In 2015 he passed away, and he had told his family to call me when he died. I flew out to see it, and made an offer which was accepted. I was sure glad I had bought his ''culls.'' It was the largest and one of the best book collections I ever bought. Four years later I still have piles of his books I haven't even looked at yet!
Before the Internet you could find, and I did find, a first edition Whymper Scrambles Aminst The Alps sitting on a shelf in London for under 100 pounds. Another time I bought a Scrambles Amongst The Alps also in California, but with a great handwritten letter tipped in, written and signed by Whymper, talking about how he got it published. I still have it.
In the 1980s I saw a Filippi Karakoram and Western Himalaya sitting on a table in Serendipity Books in Berkeley, just 45 minutes after getting off the plane at SFO. I turned to my wife and said, 'We just paid for the trip.'
My wife Heinke and I went to England a few times in the 1970s, 80s and 90s, as well as just ten years ago. In the 1980s there was a legendary worm hole of a bookshop called Vandeleur. It was so dark, cold and damp that my wife who was wearing a dress was shivering, even next to the heater, while I was on my knees pulling treasures out from shelves piled double deep. Book buying in England and Scotland in the 1970s and 1980s was like being in a treasure room from an Indiana Jones movie.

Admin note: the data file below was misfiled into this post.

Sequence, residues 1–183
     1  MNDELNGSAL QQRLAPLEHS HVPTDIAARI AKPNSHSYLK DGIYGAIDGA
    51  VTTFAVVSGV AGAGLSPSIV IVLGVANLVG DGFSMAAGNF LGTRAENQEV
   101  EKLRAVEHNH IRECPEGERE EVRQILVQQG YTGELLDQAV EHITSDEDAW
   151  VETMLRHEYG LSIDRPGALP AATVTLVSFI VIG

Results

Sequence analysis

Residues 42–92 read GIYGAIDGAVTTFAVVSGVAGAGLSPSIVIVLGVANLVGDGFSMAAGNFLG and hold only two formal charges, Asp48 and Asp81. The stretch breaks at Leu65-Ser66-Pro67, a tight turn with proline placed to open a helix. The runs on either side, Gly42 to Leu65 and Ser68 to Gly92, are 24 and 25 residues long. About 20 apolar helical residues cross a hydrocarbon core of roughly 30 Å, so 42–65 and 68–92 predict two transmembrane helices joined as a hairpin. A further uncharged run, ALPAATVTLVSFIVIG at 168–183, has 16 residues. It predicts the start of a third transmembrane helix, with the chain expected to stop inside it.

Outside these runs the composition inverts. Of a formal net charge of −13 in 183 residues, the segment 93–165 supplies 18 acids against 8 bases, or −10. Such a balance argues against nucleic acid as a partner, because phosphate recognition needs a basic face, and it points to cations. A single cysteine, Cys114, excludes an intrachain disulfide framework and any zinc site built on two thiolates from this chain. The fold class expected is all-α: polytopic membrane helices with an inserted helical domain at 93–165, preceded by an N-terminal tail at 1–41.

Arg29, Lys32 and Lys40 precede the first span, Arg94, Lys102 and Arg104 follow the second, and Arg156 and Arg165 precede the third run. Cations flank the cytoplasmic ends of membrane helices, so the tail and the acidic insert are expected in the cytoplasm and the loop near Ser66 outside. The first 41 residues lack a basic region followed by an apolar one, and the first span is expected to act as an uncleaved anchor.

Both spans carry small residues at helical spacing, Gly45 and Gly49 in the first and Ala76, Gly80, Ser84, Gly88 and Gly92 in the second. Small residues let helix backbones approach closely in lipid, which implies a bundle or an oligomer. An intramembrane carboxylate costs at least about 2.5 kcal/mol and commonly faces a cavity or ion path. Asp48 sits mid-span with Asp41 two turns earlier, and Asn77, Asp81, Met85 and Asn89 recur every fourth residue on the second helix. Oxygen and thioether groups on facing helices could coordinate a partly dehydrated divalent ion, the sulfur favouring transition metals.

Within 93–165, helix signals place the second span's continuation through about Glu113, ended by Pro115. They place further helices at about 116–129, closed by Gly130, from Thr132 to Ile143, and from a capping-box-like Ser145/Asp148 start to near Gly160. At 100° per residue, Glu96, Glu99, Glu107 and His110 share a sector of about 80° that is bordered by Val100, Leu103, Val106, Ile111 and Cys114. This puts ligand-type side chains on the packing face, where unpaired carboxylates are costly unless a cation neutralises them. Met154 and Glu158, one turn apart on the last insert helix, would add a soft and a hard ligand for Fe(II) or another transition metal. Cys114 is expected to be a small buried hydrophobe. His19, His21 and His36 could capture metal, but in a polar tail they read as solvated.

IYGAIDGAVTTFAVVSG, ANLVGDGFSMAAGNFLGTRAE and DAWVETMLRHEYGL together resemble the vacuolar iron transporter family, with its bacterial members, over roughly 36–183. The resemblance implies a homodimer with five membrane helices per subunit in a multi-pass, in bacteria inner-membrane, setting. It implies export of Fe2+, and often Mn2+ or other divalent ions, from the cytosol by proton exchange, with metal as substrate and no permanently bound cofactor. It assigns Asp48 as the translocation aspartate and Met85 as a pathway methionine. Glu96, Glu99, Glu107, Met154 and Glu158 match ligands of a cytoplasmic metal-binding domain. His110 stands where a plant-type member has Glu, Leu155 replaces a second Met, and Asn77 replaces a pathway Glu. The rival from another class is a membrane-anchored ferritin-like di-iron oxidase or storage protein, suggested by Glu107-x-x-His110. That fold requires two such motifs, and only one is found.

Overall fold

I was incredibly lucky to have been book hunting all across America and England in the 1970s and 1980s, just before Amazon and the Internet killed all the bookshops.
The reduce our large book inventory at a faster rate we have started reducing prices. By last 2019 we had sold 75% of the books we had in 2016.
Hopefully our customers are having the joy at finding great books at 1970s prices, that I did in the 1970s and 1980s.
More to come.....